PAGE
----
Kent E. Calder

Kent E. Calder

Vice Dean for Faculty Affairs and International Research Cooperation
Director of the Edwin O. Reischauer Center for East Asian Studies
Asia Programs
Japan Studies

Rome 638


  • Energy Issues
  • Energy and Security
  • International Political Economy
  • Strategic and Security Issues
  • Japanese

Background and Education

Kent Calder serves as Vice Dean of Faculty Affairs and International Research Cooperation and Director of the Edwin O. Reischauer Center for East Asian Studies. Before arriving at Johns Hopkins SAIS in 2003, Calder taught for 20 years at Princeton University and four years at Harvard University. He also held visiting positions at Seoul National University, Yangon University, and the S. Rajaratnam School of International Studies, Nanyang University as the Rajaratnam Professor of Strategic Studies. Dr. Calder has served as Special Advisor to the US Ambassador to Japan (1997-2001), Japan Chair at the Center for Strategic and International Studies (1989-1993 and 1996), and as the first Executive Director of Harvard University’s Program on US-Japan Relations from 1979-1980. A specialist in East Asian political economy, Dr. Calder has spent 11 years living and researching in Japan and four years elsewhere in East Asia. Dr. Calder received his PhD from Harvard University in 1979, where he worked under the direction of Edwin O. Reischauer. He was awarded the Order of the Rising Sun, Gold Rays with Neck Ribbon in the fall of 2014.

2015-03-30 00:00:00 
Fall 2017 
Surveys the dis...
Surveys the distinctive character of Asian energy security requirements, how they are changing over time, what political-economic forces are driving their transformation and what those requirements imply for broader economic and political-military relationships between Asia and the world. Gives special attention to Asia’s growing energy dependence on the Middle East and the extent to which Russia and alternate sources, including nuclear power, provide a feasible and acceptable alternative. Uses cross-national comparisons among the energy security policies of China, India, Japan, Korea and Western paradigms to explore distinctive features of Asian approaches to energy security.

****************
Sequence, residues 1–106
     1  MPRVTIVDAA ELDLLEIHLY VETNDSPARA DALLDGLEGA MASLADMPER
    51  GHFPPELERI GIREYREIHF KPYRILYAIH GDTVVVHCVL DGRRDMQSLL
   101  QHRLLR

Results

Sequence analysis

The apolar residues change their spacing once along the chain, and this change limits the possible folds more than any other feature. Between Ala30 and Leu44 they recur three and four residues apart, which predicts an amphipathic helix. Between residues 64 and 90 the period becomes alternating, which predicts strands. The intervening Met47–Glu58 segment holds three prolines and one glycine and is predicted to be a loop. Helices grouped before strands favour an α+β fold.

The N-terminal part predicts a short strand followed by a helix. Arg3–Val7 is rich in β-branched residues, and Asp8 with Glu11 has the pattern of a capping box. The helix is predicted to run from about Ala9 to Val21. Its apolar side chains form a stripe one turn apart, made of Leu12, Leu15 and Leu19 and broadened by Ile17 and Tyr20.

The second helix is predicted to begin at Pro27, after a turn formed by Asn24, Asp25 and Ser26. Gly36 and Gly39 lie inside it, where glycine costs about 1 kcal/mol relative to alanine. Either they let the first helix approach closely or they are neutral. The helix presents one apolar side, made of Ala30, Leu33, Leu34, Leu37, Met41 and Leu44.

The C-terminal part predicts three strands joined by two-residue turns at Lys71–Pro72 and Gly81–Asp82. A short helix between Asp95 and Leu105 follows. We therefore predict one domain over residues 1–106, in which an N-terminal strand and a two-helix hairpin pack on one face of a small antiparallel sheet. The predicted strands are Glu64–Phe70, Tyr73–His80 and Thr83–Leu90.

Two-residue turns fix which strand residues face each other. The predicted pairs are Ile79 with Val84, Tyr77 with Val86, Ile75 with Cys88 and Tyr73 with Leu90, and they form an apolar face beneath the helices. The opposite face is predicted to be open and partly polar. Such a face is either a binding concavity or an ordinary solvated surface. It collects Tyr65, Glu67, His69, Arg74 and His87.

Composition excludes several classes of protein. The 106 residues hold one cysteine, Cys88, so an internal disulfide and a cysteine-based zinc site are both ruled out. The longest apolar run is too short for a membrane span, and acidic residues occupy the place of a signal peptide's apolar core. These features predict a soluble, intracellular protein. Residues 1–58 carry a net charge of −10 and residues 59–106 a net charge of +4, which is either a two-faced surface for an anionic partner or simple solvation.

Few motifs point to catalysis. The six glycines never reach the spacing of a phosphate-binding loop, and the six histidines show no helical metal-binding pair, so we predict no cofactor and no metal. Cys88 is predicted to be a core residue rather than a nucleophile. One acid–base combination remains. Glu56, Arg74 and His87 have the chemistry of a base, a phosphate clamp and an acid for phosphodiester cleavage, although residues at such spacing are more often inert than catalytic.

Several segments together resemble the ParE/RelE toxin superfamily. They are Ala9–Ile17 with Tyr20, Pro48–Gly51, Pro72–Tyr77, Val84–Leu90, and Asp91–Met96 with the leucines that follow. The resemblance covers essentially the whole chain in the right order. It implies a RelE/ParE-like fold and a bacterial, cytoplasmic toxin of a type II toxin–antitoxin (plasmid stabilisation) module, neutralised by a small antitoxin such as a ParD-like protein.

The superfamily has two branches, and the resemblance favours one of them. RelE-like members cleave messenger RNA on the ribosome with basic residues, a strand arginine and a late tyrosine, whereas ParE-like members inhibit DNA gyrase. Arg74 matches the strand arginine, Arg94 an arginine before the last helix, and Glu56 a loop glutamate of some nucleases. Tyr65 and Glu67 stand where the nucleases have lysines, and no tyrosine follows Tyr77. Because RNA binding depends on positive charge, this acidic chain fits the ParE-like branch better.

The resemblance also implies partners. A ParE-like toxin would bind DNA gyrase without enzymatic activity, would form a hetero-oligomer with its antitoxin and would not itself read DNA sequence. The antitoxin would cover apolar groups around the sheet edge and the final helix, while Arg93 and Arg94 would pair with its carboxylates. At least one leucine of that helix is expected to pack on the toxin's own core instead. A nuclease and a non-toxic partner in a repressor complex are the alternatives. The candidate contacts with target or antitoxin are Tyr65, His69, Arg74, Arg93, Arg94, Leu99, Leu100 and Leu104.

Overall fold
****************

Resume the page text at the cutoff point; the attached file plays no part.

Fall 2017 
Introduction to...
Introduction to the political geography of the world’s most rapidly growing region, and how Asia’s global role is being transformed by economic expansion. Particular emphasis on inter-relationships among Japan, Korea, Southeast Asia, and South Asia, in the context of China’s rise, as well as on strategic sea lanes that interconnect the nations of Asia. Includes comparative attention to domestic factors bearing on economic growth and foreign-policy patterns of Asian nations, including demography, governmental structure, and interest-group behavior.
Spring 2018 
The United Stat...
The United States, China, and Japan have the three largest economies in the world, and account among them for nearly half of global energy consumption, international trade, and CO2 emissions. The course explores their complicated triangular economic and security relations, while considering broader implications for world affairs.

Spring 2018 
Improved infras...
Improved infrastructure is a clear imperative for public policy in the United States, shared across the political spectrum. This course explores possible options for trans-Pacific cooperation in refurbishing US railways, pipelines, electric power grids, and other infrastructure, including financial, technical, and logistical dimensions. Concrete seminar-participant case studies are encouraged.